The Indigenous Peoples Policy Guidance of UNEP is an important addition and supplements the recently developed UNEP Environmental, Social and Economic Sustainability (ESES) Framework which includes a specific Indigenous Peoples Safeguard Standard. The ESES Framework is UNEP’s response to the call by member states at the Rio+20 Conference for strengthening UNEP. It is compliant with the requirements of “A Framework for Advancing Environmental and Social Sustainability in the United Nations System (2012),” prepared by the Environmental Management Group (EMG), and the ’Environmental and Social Safeguards’ and ’Gender’ Policies of the Global Environment Facility (GEF). This Framework sets minimum sustainability standards for UNEP and its implementing/executing partners, and enables UNEP to anticipate and manage emerging environmental, social and economic issues. It promotes an integrated approach, combining environmental, social and economic sustainability. The Safeguard Standard 5: Indigenous Peoples has as main purpose to ensure that UNEP projects respect the rights of Indigenous Peoples and take into account Indigenous Peoples’ views, needs and rights and to avoid any harm and promote opportunities to improve their livelihoods.
UNEP is working on the official operationalization of the safeguard standards in UNEP interventions.
The upcoming GEO-6, expecting to be launched in mid-2017, will build upon regional assessment processes and create a comprehensive picture of the environmental factors contributing to human well-being, accompanied by an analysis of policies leading to greater attainment of global environmental objectives and goals. GEO is a consultative and participatory process that builds capacity for conducting integrated environmental assessments and reporting on the state, trends and outlooks of the environment. GEO is also a series of products that informs environmental decision-making and aims to facilitate the interaction between science and policy.
GEO-6 will be the start of a living process. It will provide the first integrative baseline in light of global megatrends supported by open access to data, with due consideration given to gender, indigenous knowledge and cultural dimensions. The assessment will lay the foundation for continued socio-environmental assessments across relevant scales, with a thematic as well as an integrated focus, enabling and informing societal transitions and the tracking of SDG targets and goals as well as previously agreed internationally environmental goals. The enhanced policy analysis in GEO-6 will be aimed at assisting member states to position themselves on the most effective pathways for transitions towards a sustainable future.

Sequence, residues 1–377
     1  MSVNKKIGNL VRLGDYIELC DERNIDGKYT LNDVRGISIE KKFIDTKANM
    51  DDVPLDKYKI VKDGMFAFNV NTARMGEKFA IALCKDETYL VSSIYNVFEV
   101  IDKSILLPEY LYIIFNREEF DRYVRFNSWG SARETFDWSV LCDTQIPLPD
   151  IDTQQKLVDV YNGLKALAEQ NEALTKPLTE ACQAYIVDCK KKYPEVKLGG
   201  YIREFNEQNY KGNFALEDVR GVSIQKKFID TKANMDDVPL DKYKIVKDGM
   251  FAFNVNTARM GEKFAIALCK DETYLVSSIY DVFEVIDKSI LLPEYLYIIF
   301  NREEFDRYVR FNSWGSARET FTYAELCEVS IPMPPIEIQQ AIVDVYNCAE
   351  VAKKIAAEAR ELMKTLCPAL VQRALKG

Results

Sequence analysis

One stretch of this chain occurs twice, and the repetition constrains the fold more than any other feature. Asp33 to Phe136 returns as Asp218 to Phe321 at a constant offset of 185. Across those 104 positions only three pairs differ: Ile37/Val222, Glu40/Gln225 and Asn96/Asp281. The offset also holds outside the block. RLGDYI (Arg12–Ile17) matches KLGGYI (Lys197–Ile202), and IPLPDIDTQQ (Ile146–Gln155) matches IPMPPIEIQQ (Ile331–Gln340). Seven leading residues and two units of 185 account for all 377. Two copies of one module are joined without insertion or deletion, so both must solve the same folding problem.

The rigorous assessment process aims to make GEO products scientifically credible and policy relevant - providing information to support environmental management and policy development. GEO also supports multi-stakeholder networking and intra and inter-regional cooperation to identify and assess key priority environmental issues at the regional levels. A world-wide network of Collaborating Centre partners; a transparent nomination process that allows governments and other stakeholders to nominate experts to the process; advisory groups to provide guidance on scientific and policy issues; and a comprehensive peer review processes are some of the integral elements of GEO.
The first Global Intergovernmental Multi-stakeholder Consultation on GEO 6 (the sixth Global Environmental Outlook), held in Berlin (21-23 October 2014) agreed that the GEO 6 analysis should draw on diverse knowledge systems, including by using accepted guidelines for the use of peer reviewed scientific literature, grey literature, data and indigenous and local knowledge.
Please visit the GEO Community of Practice on UNEP Live website.
was adopted at Rio+20 and promotes to accelerate the shift towards sustainable consumption and production all over the world. Participation of Indigenous Peoples and other stakeholders in the development of the common template for the programmes will be ensured. For more information on how Indigenous Peoples in particular can engage in this process contact: 10yfp(at)unep.org
is designed to use market and financial incentives in order to reduce the emissions of greenhouse gases from deforestation and forest degradation. UN-REDD has a specific focus on Indigenous Peoples and offers their representatives four seats in its Policy Board. Moreover, thy can engage with the Independent Advisory Group on Forests, Rights and Climate Change and voice out their opinions on specific projects. Free, prior and informed consent has been enshrined in specific guidelines. More information on how indigenous peoples can participate in UN-REDD and how FPIC is uphold can be found on the homepage http://www.un-redd.org/
III. Tools and Resources
The Indigenous Peoples’ and Community Conserved Territories and Areas (ICCAs) and participating Iindigenous Peoples have developed an interactive Registry for ICCAs worldwide. Through building a knowledge base this project aims at putting Indigenous Peoples and their territories on the global map, thus leading to the acknowledgement of indigenous ways of conservation and their stronger participation in policy discussions about the same. Additional information can be obtained from– iccaregistry(at)unep-wcmc.org. Please see the Toolkit to Support Conservation by Indigenous Peoples and Local Communities.
IV. Accredited Organizations
Find here a list of all Indigenous Peoples' organizations accredited with the United Nations Environment Assembly (UNEA) of UNEP.